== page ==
You're vehicle is being considered an outlier simply because of the lack of other users/vehicles that match yours mechanically. Even if just comparing the 2 vehicles that are "Hatchbacks", your 11 fuelups at 29MPG vs the other user's 240 fuelups at 20MPG make you an outlier.
The system isn't ruling your data as wrong, or invalid. It's simply just much higher than the averages of the other users with same year/make/model.
If, for example you had 100 more fuel ups, you'd move from being an outlier, statistically.
Maybe if our system allowed a filter for transmission type, that'd help in this situation. Something we'll need to look at in a future update.
Originally Posted by sea_king18
This vehicle should show a double peak (one for the standards at about 28 MPG, another for the autos at about 21), not a standard bell curve.
It sounds like you have an understanding of what's going on!
If you just add (or rather, when you have) more fuel ups, the graphs will create that double peak... like seen here: http://www.fuelly.com/car/volkswagen/jetta/2015
It's also worth noting that the data generates fresh every hour, therefore no fuelup is an outlier until that hourly query says it is.
Originally Posted by Jay2TheRescue
There are links on the admin side to make Fuelly redo the math on your vehicle, but when I click on them, I get a no permission message. Maybe someone with higher admin permissions than me can try?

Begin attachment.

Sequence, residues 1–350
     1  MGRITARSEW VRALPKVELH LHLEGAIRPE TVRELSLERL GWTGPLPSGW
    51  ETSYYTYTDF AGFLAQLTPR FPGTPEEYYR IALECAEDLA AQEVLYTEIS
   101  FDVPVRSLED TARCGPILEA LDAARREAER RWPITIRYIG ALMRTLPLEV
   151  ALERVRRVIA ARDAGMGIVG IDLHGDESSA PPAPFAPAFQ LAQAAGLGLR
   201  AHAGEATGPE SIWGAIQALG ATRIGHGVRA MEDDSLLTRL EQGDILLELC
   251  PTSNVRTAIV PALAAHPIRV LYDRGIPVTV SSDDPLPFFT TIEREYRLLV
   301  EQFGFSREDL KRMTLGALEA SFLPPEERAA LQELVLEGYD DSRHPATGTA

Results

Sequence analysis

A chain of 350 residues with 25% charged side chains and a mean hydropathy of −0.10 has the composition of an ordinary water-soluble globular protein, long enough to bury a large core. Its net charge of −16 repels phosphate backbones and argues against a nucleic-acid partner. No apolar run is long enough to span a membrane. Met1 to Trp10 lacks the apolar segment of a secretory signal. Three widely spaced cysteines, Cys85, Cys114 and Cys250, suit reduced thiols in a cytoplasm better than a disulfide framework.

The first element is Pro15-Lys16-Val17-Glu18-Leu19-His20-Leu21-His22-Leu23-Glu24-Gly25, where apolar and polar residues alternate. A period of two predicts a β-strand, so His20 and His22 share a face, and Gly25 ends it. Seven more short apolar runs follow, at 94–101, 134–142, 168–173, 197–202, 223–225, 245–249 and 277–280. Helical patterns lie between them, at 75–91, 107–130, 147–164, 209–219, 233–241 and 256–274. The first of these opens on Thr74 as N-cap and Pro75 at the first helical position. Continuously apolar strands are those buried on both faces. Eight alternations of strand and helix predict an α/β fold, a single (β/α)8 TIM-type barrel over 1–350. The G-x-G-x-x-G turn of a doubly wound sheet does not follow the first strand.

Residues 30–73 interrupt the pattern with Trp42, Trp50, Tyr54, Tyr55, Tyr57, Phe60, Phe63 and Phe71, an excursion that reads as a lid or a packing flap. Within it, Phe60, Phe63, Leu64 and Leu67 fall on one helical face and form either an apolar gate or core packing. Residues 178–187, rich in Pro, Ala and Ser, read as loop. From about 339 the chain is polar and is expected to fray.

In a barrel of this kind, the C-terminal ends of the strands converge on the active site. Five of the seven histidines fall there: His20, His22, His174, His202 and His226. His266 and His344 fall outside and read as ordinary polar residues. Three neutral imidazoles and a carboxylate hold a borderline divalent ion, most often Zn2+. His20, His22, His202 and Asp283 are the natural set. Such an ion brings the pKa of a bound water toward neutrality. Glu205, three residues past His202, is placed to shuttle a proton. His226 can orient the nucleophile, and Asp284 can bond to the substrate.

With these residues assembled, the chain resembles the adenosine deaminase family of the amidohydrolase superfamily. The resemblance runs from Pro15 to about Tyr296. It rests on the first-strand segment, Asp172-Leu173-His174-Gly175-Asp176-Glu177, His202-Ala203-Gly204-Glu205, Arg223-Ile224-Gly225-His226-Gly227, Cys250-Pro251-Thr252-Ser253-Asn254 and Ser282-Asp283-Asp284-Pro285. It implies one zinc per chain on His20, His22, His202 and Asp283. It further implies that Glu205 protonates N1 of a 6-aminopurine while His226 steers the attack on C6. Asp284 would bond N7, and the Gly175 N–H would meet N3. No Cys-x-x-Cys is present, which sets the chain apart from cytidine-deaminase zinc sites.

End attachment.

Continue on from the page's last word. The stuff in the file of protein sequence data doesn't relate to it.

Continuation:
That won't affect what sea_king18 is asking about. Those are in place to refresh the profile page. Rarely needed/used though, as everything gets updated with Save/Edit.
"The interquartile range is often used to find outliers in data. Outliers are observations that fall below Q1 - 1.5(IQR) or above Q3 + 1.5(IQR). In a boxplot, the highest and lowest occurring value within this limit are drawn as bar of the whiskers, and the outliers as individual points."
There are lots of obvious errors that then get washed into a poor overall average.
Look at this for example 2011 Town & Country Ltd. (Chrysler Town & Country) | Fuelly
what should be a great set of data with supposedly 70,000 miles logged. The average seems great but start to look at the individual entries and you see a more normal 20 MPG. Go way back and suddenly 250 mpg tanks start showing up. Look at the best tank, 320 mpg. unless you are some kind of special prototype, or a scooter, any tank over 100 mpg should be thrown out.
I would bet any tank that is over 3 times the average of the model is some kind of error that should be flagged and not included in any overall averages.